8.  The Embassy recognise the importance of rights of continuing Onward Movement.  They emphasised that the UK wanted this in the future arrangements agreement and advised EuroCitizens to continue lobbying the Spanish administration on its importance to secure their support in the drafting.

lunes, 26 de noviembre de 2018


Speaker John Bercow   Photo: The Guardian AP
EuroCitizens has participated in British in Europe campaigns involving the lobbying of Members of Parliament. Whilst some MPs have been very sympathetic to us, many people in our group have either received no reply or been directly told that the MP cannot deal with the query as the person writing is no longer resident in the constituency. EuroCitizens Secretary Nigel Aston thus wrote a very reasonable letter about this subject to House of Commmons Speaker John Bercow. Apparently, there is nothing he can do about the refusal of MPs to answer us as he 'has no responsibility for the way in which MPs choose to deal with constituency affairs' (see correspondence below).

We will follow Mr Bercow's suggestion to write to the Electoral Commission but our only hope seems to be the Overseas Electors' Bill, a private member's bill plodding very slowly through the House of Commons. It has the support of the government, but it appears that the Labour Party is against it so the initiative might well go the same way as other attempts to restore our vote.
Remember that, after March 29, we will lose all our political rights as EU citizens and thus be unable to vote anywhere. What makes this situation even worse is the fact that our concerns can be ignored by MPs. We are completely on our own now.

Help us to help you by donating to British in Europe:



miércoles, 14 de noviembre de 2018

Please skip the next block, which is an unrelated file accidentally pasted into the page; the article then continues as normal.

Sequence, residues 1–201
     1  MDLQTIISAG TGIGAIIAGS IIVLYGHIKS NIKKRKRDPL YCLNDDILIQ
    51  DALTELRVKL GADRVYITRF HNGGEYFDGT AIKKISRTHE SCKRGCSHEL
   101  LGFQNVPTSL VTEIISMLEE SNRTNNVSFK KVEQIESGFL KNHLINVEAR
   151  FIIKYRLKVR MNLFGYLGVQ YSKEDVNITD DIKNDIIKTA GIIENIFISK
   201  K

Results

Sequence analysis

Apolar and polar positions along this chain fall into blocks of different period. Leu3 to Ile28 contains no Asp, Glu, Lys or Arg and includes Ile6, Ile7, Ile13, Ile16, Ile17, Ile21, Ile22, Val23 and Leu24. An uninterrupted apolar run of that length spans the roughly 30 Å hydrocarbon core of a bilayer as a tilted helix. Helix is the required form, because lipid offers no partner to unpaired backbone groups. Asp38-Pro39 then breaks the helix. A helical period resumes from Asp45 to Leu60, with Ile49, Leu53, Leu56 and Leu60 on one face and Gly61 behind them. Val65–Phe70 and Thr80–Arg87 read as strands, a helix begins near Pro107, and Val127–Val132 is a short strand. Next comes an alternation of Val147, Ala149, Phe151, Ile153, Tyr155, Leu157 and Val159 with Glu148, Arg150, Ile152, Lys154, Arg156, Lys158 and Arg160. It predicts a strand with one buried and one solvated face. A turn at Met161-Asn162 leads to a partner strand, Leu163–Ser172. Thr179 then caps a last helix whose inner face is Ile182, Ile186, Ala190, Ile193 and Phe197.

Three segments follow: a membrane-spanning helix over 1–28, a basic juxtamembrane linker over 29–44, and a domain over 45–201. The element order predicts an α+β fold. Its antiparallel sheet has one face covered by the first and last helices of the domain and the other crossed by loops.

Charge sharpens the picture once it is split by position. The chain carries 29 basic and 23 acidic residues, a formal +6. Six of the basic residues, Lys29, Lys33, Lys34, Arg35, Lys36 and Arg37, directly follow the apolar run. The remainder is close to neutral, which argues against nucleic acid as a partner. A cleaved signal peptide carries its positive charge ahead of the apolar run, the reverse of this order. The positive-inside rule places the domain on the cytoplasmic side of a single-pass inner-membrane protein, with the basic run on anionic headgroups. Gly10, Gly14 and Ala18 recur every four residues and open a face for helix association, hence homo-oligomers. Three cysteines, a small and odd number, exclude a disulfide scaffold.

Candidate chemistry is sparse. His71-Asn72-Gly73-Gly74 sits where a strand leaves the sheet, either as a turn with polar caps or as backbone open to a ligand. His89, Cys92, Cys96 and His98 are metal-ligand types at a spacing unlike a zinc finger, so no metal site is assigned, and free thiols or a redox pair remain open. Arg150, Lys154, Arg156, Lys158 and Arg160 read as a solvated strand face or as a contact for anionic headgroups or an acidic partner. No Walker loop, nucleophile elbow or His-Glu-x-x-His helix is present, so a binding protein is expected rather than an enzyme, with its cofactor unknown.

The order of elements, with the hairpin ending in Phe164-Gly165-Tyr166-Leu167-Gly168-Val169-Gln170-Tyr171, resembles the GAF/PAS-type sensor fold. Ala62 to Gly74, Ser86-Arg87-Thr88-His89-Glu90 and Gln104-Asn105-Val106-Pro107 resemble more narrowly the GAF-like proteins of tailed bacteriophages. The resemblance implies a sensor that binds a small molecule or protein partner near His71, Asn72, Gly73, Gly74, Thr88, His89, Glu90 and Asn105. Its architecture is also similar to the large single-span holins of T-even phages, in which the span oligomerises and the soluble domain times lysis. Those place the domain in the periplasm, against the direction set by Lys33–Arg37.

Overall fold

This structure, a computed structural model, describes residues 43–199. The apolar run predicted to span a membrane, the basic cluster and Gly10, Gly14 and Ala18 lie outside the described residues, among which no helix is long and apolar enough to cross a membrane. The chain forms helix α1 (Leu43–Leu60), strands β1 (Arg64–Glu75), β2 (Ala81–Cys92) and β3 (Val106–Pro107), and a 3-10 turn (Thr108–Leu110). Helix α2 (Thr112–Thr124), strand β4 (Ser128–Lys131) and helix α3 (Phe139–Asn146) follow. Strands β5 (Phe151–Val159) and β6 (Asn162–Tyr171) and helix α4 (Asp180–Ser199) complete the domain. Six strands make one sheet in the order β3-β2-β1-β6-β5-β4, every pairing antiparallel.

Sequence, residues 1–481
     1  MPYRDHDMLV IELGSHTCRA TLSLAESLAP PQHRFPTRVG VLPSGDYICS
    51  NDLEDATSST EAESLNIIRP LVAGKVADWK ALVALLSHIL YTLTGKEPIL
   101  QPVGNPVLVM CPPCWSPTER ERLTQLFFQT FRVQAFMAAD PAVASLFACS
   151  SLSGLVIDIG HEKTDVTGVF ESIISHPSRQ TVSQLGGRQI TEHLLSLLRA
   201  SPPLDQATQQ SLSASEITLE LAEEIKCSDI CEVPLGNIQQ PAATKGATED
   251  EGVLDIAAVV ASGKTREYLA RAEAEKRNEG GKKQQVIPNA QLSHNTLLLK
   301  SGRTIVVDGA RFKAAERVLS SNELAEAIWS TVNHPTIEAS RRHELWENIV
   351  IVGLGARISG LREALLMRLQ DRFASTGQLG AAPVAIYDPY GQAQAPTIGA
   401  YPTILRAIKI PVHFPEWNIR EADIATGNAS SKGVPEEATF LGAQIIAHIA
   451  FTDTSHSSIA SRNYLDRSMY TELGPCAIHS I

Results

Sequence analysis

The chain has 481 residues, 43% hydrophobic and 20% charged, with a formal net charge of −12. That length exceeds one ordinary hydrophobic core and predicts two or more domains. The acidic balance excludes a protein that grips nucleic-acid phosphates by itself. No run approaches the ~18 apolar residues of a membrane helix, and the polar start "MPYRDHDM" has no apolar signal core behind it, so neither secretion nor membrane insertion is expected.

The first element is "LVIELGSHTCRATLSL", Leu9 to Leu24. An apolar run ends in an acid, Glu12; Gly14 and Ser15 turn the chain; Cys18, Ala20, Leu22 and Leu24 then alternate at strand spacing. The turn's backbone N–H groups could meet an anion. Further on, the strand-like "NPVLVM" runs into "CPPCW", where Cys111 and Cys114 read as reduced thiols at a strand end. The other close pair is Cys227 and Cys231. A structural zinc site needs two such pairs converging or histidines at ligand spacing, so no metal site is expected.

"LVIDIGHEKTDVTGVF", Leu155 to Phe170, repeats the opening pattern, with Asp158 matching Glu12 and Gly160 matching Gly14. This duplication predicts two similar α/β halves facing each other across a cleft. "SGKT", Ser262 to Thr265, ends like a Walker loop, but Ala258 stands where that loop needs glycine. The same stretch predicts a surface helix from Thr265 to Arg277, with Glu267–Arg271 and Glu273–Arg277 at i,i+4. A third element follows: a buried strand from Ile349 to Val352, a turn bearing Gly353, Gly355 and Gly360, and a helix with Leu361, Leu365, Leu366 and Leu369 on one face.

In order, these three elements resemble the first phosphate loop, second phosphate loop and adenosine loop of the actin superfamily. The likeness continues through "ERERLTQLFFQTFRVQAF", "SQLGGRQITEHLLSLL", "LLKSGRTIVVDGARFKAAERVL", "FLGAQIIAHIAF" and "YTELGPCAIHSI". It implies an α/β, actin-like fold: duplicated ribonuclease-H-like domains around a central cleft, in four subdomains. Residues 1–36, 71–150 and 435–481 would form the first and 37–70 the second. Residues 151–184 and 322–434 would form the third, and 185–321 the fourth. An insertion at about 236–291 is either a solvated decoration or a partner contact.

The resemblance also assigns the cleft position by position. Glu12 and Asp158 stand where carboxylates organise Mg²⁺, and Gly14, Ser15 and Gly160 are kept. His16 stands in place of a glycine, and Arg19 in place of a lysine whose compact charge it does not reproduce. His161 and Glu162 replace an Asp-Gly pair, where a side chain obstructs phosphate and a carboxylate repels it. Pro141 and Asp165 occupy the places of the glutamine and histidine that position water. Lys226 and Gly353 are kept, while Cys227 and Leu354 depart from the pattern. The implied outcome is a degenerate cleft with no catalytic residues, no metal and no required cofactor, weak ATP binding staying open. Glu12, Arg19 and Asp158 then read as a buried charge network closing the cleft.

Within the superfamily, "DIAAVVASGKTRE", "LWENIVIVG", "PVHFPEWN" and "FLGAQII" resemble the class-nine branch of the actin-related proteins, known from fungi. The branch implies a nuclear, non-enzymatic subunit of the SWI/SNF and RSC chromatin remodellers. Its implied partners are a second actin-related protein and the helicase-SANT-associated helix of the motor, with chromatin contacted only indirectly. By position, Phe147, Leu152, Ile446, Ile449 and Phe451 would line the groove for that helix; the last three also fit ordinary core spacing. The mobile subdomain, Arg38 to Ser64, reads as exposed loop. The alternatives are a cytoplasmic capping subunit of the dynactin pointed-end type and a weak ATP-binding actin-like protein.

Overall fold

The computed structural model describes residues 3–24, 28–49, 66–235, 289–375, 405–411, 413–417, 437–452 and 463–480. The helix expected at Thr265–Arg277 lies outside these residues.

For British citizens in Spain a deal is much better than a no-deal scenario as it protects some of our key rights like residency in our host country, healthcare for UK pensioners and social security coordination — while losing other ones like freedom of movement and the ability to deliver cross-border services.

However, we cannot fully evaluate the agreement until we have seen the final text. And on many issues that affect us, and the UK as whole, this will be a blind Brexit with almost everything to be negotiated after the UK has left the EU and thus in an even weaker position than now. In addition, huge uncertainty still remains over whether the deal will actually go through a) the cabinet b) the UK parliament c) the European Parliament.

Because of all this, EuroCitizens will continue to fully support British in Europe in lobbying for the ring-fencing of Citizens' Rights, to work for any possible strengthening of the CRs section of the Withdrawal Agreement and to fight for a People's Vote for All with the option of Remain on the ballot paper. At the same time, we will continue to engage with the Spanish central government to find out what the Withdrawal Agreement will mean for us practically in terms of our lives as Third-Country Nationals and what contingency plans there are for a no-deal Brexit.
When we have seen and evaluated the final text, we will put out another more detailed statement.

lunes, 12 de noviembre de 2018